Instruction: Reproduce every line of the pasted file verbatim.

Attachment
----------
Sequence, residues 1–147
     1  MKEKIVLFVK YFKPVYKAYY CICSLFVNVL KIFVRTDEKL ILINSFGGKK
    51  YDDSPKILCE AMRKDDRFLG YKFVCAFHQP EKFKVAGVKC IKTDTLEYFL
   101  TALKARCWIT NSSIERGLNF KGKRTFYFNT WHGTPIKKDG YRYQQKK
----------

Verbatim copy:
Sequence, residues 1–147
     1  MKEKIVLFVK YFKPVYKAYY CICSLFVNVL KIFVRTDEKL ILINSFGGKK
    51  YDDSPKILCE AMRKDDRFLG YKFVCAFHQP EKFKVAGVKC IKTDTLEYFL
   101  TALKARCWIT NSSIERGLNF KGKRTFYFNT WHGTPIKKDG YRYQQKK